Further, banks are not just asking for their customers’ financial information they are asking for our information as well. I see banks lending less, and making it harder and harder for average Americans to secure the financing they need and are qualified for to build and/or buy housing. I think the government should help establish standards by which banks that they bailed out or own a share of can lend money.
I mean actually make sure that funding is coming out of the institutions that are receiving government money, because it does not seem to be trickling down as was intended.” -Andrew Moore
Health Care Costs Continue To Soar
“Federal loans are slightly more available perhaps than they used to be but health care costs continue to soar. Business people struggle to survive but government workers don’t even understand the concept of struggle. Small businesses are not comfortable places to be right now.
Working for the government has always been comfortable — we need to make it less so. The size of governments at all levels needs to be drastically cut. Here in Austin, they’re firing teachers and keeping administrators.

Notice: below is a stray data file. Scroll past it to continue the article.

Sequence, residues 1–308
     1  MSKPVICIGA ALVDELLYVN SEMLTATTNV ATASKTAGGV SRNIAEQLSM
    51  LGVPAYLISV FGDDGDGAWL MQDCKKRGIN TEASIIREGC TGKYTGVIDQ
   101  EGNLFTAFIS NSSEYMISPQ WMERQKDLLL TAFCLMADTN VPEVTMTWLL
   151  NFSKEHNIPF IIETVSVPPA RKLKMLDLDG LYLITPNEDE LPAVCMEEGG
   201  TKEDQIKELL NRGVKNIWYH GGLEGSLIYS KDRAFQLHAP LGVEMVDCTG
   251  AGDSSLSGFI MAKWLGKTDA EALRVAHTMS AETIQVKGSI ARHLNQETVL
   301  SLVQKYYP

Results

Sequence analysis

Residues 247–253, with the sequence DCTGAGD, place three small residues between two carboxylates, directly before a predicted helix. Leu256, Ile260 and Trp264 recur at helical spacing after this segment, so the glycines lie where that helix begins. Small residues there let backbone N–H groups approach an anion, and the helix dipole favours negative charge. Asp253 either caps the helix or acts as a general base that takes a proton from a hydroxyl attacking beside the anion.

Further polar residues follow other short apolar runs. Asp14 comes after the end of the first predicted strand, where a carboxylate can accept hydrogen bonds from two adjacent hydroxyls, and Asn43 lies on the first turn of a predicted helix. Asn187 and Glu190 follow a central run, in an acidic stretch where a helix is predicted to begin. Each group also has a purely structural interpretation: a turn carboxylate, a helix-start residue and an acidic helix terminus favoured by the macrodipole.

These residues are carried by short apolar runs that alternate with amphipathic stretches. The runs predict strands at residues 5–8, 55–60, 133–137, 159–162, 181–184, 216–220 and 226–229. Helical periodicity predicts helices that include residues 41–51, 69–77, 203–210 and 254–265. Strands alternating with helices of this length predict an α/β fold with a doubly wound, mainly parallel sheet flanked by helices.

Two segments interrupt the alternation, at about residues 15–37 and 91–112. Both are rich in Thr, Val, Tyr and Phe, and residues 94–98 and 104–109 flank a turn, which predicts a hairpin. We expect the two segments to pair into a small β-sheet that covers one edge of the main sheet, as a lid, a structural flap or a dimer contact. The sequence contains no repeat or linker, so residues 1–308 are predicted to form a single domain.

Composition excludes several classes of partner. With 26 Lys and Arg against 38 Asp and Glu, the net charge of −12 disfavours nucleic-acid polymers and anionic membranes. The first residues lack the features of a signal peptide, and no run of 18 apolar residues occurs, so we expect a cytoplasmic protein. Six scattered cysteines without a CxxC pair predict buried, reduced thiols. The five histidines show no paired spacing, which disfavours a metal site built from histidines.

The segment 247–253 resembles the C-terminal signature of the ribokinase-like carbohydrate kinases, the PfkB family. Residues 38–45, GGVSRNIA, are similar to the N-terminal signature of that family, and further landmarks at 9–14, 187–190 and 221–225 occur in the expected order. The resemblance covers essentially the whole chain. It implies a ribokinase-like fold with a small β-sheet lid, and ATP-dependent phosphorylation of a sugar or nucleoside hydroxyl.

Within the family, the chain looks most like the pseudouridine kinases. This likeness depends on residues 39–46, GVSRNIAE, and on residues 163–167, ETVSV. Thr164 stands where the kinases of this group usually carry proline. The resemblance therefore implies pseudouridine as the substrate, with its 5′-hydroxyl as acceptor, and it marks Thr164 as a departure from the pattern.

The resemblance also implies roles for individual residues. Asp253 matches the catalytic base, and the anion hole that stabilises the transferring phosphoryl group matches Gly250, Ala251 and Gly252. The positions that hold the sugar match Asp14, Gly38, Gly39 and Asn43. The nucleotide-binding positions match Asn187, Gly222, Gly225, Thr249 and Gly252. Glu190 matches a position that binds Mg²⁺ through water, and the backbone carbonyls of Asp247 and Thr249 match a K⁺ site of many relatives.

Yet the administrators wouldn’t be there if not to support the red tape of failed government programs. Administration should be cut and teachers kept. It’s all backwards.” -Curt Finch
There Is Too Much Uncertainty Regarding Future Tax Rates
“One of the biggest obstacles among small business owners is the federal debt and taxes. It’s not so much that we will have taxes-that’s part of life. But there is a lot of uncertainty regarding future tax rates once Washington makes the needed decision to eliminate the deficit.